Sony Pictures Cancel Release Of The Interview Due To Hacking Threat

In the latest development of the Sony Pictures hacking debacle, the company has now officially canceled the release of the film “The Interview” following a threat from the hackers of violence on theaters that showed the film as well as patrons that went to go see it.

In a message released from the hackers on December 16, they threatened to attack theaters that screened the film, mentioning 9/11 in the process.  It’s an eerie and unprecedented step in the hacking history books.  The group calling themselves the “Guardians Of Peace” can now be labeled not just as hackers, but a full fledged terrorist group.  According to hacking experts, threats of widespread violence are very rare in these circumstances.

It’s clear that Sony Pictures is in a no-win situation; in the wake of the threats many major theaters have refused to screen the film due to liability issues.  And that is where Sony stands as well – in the midst of a liability issue.  While backing down is seen as kowtowing to the terrorists, should an attack occur it would look careless and reckless to have released the film.

The New York Times is reporting that US Officials are now believing that the North Korean government is indeed behind the hacking.  Although the hacking seems to have originated outside of North Korea, officials state that they have found links leading to the North Korean government and believes the hackers were operating under orders from the government.

theinterviewIs this a smart move by Sony or does it set a bad precedent?  Obviously nobody wants to kowtow to terrorist threats, and usually America does not respond to such threats.  So why are companies moving to block the release of the movie?  According to CNet, the Department of Homeland Security has found no evidence that the threat is real.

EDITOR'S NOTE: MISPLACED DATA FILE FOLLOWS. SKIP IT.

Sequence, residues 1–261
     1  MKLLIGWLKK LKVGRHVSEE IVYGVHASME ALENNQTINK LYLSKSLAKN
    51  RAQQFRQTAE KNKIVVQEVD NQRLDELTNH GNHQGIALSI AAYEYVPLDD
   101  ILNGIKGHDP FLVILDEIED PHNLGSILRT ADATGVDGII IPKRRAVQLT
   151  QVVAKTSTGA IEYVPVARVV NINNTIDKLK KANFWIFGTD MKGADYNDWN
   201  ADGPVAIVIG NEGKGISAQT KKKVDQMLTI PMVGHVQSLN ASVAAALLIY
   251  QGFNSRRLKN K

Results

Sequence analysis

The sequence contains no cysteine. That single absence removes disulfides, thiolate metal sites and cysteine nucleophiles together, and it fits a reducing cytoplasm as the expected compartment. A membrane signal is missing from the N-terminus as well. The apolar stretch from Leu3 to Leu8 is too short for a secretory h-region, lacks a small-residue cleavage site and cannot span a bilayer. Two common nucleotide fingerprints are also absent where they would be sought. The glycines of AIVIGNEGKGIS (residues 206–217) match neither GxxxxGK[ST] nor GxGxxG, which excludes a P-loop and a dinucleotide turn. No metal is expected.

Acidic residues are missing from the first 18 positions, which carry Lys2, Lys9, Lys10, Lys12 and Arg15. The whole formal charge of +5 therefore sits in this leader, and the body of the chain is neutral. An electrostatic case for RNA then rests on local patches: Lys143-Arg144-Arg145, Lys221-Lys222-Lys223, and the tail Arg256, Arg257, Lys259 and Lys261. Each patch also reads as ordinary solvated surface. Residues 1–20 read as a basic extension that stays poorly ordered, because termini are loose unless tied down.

It’s a sad day for American films and even American media in general.  Will studios feel the need to self-censor their work from here on in?  It will be interesting to see.  Political satire is nothing new, however several people have said they had wondered what North Korea might do about the upcoming film since it was so blatant.

Some people say that Sony could strike a good middle ground by releasing the movie online in a Video On Demand type service.  It remains to be seen how the studio will proceed with the release of the movie.

About the Author

Roger Feinstein has grown up with computers his entire life and strives to help others understand what goes on behind the scenes in their PCs. He's been writing tech articles for websites for over 5 years.

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